If that attitude doesn't make you worry then I guess I'm just not normal. I've argued with them and ranted until I was blue in the face and I think I'm done with it because they obviously won't see my side. But I just had to rant one more time. :)
Civil War: Choosing Sides -- This book was inserted into the Civil War line up late and rushed through production though to be honest, it actually was done fairly well considering. It tells a few short stories about various characters that are somehow involved in Civil War (in varying degrees). But the stories are disjoint and for the most part open ended. Why? Because each of them (with the exception of the Howard the Duck story) is just a teaser for an upcoming series or storyline. Venom's story is a prelude to the revamped Thunderbolts (no big surprise). Ant-Man is for the Irredeemable Ant-Man (which has already started). USAgent... I'll leave that one for now. Iron Fist has his own series coming out. And they even throw a Guiding Light prelude into the mix. Individually, the stories weren't bad and the USAgent story had a few good points in it but it also raised some questions for me). The artwork was good in each. So all in all it wasn't necessarily a bad book but yeah, it did feel like just a promotional thing with previews of what's to come.
Runaways Volume 6: Parental Guidance -- It's been a little while since I read volume 5 (the downside to doing the digest/trade paperback thing) so it took me a minute to remind myself of where everyone's at. I gotta make this quick, work beckons. The art was solid. I really like how this artist deals with the different body types and such. The writing was great, the characters and story were excellent. My only gripe is probably with the digest format as some pages are dark and hard to make out in a smaller format. So I'm currently debating waiting for the next digest or moving to the monthly issues (especially with Whedon taking over). I'll probably still stick with the digests though.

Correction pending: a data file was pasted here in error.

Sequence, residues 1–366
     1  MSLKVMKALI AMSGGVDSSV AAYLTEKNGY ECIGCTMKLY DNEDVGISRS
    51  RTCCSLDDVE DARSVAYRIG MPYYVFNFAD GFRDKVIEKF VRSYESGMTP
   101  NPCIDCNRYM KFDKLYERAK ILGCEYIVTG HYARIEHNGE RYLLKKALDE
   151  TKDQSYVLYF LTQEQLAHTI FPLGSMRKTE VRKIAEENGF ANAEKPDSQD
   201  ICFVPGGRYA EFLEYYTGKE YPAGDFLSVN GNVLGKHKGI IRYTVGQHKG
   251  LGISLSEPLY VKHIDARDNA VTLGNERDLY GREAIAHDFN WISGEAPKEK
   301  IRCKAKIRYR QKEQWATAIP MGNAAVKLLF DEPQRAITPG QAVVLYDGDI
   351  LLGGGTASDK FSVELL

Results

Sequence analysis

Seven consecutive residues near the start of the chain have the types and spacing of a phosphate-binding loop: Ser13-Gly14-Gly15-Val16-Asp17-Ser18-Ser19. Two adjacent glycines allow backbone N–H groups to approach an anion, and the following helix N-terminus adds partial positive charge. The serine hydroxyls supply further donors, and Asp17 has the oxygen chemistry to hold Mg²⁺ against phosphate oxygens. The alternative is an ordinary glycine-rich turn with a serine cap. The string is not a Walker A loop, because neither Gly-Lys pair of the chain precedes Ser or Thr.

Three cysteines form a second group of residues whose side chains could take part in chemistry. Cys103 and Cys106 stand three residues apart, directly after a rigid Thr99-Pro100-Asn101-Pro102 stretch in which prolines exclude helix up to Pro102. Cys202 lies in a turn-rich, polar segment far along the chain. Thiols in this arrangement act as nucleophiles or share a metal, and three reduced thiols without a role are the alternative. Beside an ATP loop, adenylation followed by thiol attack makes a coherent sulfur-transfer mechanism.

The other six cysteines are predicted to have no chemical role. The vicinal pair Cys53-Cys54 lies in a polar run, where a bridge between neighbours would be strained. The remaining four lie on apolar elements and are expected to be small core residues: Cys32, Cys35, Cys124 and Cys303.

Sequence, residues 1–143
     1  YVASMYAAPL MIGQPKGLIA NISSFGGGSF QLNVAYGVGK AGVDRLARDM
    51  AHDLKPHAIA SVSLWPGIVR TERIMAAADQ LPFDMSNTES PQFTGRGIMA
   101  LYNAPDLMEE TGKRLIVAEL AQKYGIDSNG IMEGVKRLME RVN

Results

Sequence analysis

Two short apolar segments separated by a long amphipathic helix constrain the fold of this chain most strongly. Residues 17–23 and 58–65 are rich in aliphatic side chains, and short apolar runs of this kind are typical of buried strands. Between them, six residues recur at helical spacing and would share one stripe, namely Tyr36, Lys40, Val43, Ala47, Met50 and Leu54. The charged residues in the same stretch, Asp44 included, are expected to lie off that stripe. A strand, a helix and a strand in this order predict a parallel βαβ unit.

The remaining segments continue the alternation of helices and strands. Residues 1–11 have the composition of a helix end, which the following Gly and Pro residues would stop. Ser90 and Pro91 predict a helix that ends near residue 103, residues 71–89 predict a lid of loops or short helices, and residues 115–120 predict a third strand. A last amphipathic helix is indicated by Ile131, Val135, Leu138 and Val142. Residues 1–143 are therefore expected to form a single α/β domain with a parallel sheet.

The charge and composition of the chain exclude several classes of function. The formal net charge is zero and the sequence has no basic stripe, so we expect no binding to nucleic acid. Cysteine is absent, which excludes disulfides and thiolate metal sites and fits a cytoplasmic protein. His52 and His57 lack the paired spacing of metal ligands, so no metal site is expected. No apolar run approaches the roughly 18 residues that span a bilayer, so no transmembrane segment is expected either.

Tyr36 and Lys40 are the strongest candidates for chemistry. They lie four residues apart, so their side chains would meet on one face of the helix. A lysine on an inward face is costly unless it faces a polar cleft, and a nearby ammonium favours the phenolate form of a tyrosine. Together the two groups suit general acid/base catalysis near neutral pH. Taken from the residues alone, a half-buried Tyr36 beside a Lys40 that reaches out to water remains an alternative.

Friday, October 20, 2006
Lone Ranger #2 -- I did myself the disservice of reading this book too quickly so I had to go back and read it again. The book almost lends itself to a quick read with just how quick the story seems to be moving along and jumping from scene to scene but you really should take the time to enjoy the many elements to the story. Art wise, I found a few panels lacking (most of them featuring the new villain) but overall it was good. And the story is a good one. A lot of interesting stuff going on both in front of the reader and just out of view of the reader. And Tonto, well he's obviously an improvement over the TV version. I can't wait to see more of his character. Overall, still really enjoying this series and eager to see where it goes from here.
Elephantmen #4 -- I've been complaining a lot about the book being cut in half and I was surprised when I got halfway through this book yet the story seemed to keep going. So despite having the double cover (one on the front, one on the back when you flip the book over) it was actually one story. Hip and Ebony are together in the hospital now but the story is mostly made up by the flashback scenes as Ebony talks to Miki (the cab driver from the previous issue). The major flashback involves the story of Tusk and his abuse. The writing and the artwork combine well to really make you feel for Tusk. And when Ebony talks about why Tusk has been kept alive (first by MAPPO and now by their liberators and the doctors) you really do feel for the guy. It was a moving story and a very good book to read.